Stephanie

    Although an older book, I have used this guide many times. Dean has stated that he does not wish others to read or use this book as he wrote it when he was so young and so much has changed over the years. I can't say that I agree with him totally as I have found a lot of his information has withstood the test of time. It is rare to find for cheap and I'm hoping he will do another writing guide in the near future.

  4. 4 out of 5

    Jaylia3

    Out of print but worth getting your hands on even if you only fantasize about writing fiction. My daughter grew up with this book and wanted to take it to college because it is such a pleasure--using one of his exercises we made up a title for a book we haven't yet written--Orbiting Body Parts.

  5. 4 out of 5

    Danny Tyran

    I suppose that in 1972 when this book was published, it was a great reference for writers, but now... Meh!

  6. 5 out of 5

    Jordan Lombard

    Some of the information here, such as what the "current" market is doing, is out of date. However, the middle sections were Koontz gets into the nuts and bolts of writing a novel, are extremely valuable to the new writer. He talks about plot and structure, dialogue tags, and researching places you've never been, among other things. He writes in a clear, precise manner that is easy to understand and I appreciated how he worded a few things. On top of all this, he lists 99 authors he recommends an Some of the information here, such as what the "current" market is doing, is out of date. However, the middle sections were Koontz gets into the nuts and bolts of writing a novel, are extremely valuable to the new writer. He talks about plot and structure, dialogue tags, and researching places you've never been, among other things. He writes in a clear, precise manner that is easy to understand and I appreciated how he worded a few things. On top of all this, he lists 99 authors he recommends and talks about a few of their titles he especially likes, many of whom are well known, like Robert Heinlein and Dashiell Hammett. The sucky part about this book is that it is out of print and used copies can run from $150-$400+, likely because collectors of Koontz's work have driven the price up over the years. He's been saying he'll write a newer edition for awhile now, but I've not seen any indication that one is on the horizon. If it ever does happen though, rest assured, I'll be the first person waiting in line for it.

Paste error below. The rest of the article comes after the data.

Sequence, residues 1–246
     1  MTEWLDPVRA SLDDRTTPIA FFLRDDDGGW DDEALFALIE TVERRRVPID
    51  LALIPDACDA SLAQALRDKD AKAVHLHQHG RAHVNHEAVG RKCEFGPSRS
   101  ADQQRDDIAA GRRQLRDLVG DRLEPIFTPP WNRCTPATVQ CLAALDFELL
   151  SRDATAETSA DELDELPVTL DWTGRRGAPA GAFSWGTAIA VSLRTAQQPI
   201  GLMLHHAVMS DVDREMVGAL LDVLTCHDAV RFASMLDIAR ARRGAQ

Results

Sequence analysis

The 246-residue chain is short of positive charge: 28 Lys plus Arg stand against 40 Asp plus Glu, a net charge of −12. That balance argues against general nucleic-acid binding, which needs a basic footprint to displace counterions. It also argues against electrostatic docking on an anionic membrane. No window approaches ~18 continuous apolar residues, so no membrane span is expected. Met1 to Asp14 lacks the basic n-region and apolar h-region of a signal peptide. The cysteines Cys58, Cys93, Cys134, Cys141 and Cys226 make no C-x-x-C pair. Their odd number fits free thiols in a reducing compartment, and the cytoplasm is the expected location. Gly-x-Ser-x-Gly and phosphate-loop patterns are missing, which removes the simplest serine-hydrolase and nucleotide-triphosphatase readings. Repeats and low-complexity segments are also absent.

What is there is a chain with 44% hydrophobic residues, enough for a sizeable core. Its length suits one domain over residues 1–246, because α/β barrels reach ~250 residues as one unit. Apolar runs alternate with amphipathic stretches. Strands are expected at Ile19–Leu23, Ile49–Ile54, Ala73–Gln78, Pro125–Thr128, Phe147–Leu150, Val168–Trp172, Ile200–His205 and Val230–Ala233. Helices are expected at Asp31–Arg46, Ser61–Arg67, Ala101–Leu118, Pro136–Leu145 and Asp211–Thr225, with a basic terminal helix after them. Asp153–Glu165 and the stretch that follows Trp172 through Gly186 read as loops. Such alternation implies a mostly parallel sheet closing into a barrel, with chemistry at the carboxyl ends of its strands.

7. 4 out of 5

    Mary Crabtree